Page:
The ChallengeHER conference also helped open my eyes about all the opportunities within the WOSB program and SBA as a whole that can help me to pull in other people and go after contracts that I can’t do by myself. So I am excited about all the opportunities.

  1. Could you share the key takeaways you took from the ChallengeHER event?

Martha: There were many big eye-openers during the event. One of the key lessons was from Sally Walton’s (Procurement Center Representative, U.S. Small Business Administration) lesson – get to know your competitors. I haven’t realized before how valuable partnerships can be for getting bigger contracts and getting financing needed for hiring more people. I also learned the importance of building relationships with federal buyers, competitors, other big businesses in my field to find out different ways to partner with other organizations on contracts. So I will be putting in place a business and marketing plan to get to know my competitors.

Another big eye-opener was when we found out through talking to SBA that I could be in other programs than just WOSB, such as 8(a) and Disadvantaged Small Business. If you have all of these different certifications that makes you more eligible for set asides and contractors can get multiple credits. So one of the first things that my business manager will do is to get us certified in all these different programs. That was really helpful.

I also learned a lot by talking to Los Alamos and Sandia Laboratories and learnt more about what they might be interested in and I also got some key contacts, which is terrific.

They also mentioned the importance of monitoring the success of the contracts. My contract doesn’t have many milestones or targets so I should probably create those to make sure to have tangible results to demonstrate the success of the contract for future negotiations.

So overall it was an incredibly useful event for me.

  1. What contracts are you currently working on?

Martha: As mentioned above, I just got my first government contract this September with U.S. Forest Service. I got brought in because I am a subject matter expert in organizational learning and culture. They do reviews after fatality and safety incidents and they put a lot of effort to understanding why they happened. First they wanted me to help them with their learning review process. However, subsequently they found out that I could help them in the creation of their online learning efforts. So consequently my contract grew into a much larger one where I’m helping them roll out an online University possibly even into other stakeholders within USDA.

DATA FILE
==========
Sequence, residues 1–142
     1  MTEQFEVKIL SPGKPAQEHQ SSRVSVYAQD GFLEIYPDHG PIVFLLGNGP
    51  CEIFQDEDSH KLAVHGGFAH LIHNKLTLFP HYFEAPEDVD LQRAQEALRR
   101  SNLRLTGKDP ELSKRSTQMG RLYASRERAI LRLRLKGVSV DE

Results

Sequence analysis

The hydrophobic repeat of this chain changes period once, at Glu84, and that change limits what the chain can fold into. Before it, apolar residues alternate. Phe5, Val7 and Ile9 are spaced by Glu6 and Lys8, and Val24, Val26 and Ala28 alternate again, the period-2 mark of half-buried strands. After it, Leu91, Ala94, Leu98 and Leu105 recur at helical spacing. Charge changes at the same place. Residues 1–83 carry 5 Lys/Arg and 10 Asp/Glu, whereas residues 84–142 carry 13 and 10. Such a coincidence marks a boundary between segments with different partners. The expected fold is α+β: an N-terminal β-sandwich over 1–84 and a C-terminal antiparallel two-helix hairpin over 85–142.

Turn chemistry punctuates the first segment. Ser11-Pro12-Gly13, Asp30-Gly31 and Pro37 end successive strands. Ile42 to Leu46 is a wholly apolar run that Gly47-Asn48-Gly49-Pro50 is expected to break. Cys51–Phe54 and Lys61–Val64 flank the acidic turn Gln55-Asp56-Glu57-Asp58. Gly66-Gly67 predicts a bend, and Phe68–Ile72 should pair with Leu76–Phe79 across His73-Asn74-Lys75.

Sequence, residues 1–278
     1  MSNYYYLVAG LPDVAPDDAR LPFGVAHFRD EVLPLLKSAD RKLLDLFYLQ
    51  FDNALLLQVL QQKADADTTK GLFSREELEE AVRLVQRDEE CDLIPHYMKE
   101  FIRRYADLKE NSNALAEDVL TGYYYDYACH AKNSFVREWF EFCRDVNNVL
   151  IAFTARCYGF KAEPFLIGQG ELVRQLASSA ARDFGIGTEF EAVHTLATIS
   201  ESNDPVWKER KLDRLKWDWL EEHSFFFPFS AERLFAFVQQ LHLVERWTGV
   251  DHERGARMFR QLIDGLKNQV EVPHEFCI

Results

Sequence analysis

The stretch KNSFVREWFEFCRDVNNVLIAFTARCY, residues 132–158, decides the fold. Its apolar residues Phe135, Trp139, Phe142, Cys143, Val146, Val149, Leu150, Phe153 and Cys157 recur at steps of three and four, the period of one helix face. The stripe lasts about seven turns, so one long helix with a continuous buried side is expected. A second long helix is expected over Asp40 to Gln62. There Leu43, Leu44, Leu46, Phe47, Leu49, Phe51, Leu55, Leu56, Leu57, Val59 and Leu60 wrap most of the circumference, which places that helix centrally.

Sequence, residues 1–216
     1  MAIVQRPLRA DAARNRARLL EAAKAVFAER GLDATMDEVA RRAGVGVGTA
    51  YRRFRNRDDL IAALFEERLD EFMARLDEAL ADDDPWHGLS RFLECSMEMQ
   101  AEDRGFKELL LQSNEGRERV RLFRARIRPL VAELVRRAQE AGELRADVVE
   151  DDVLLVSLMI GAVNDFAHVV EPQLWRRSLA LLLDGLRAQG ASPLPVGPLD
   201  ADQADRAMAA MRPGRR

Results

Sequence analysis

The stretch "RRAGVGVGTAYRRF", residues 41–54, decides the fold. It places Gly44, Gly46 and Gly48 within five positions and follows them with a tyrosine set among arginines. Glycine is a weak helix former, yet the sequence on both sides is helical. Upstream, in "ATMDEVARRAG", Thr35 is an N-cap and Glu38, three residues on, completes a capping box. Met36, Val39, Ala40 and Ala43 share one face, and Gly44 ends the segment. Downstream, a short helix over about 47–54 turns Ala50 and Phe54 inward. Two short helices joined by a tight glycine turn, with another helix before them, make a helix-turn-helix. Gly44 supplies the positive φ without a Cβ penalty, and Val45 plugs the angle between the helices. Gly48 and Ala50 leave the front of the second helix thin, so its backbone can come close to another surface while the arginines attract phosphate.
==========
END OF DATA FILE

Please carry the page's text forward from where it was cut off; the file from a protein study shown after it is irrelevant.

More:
The reason why I got asked to do that initially is because in Los Alamos we had several incidents that shut the lab down when I was working there. My contact at the U.S. Forest Service knew that I was involved in these investigations and learning reviews before. So thanks to my contacts from Los Alamos I got in touch with the Director of Human Performance, Innovation and Organizational Learning within the U.S. Forest Service and they were looking for experts for their learning reviews.

  1. What would you recommend to other WOSBs doing business with federal government?

Martha: It’s also one thing I learned from the ChallengeHER – pretty much anything that you do, there is part of the government that is going to buy that. It’s really a matter of figuring out that niche.

Also use all the available resources and people that make their living out of offering free help, so use them!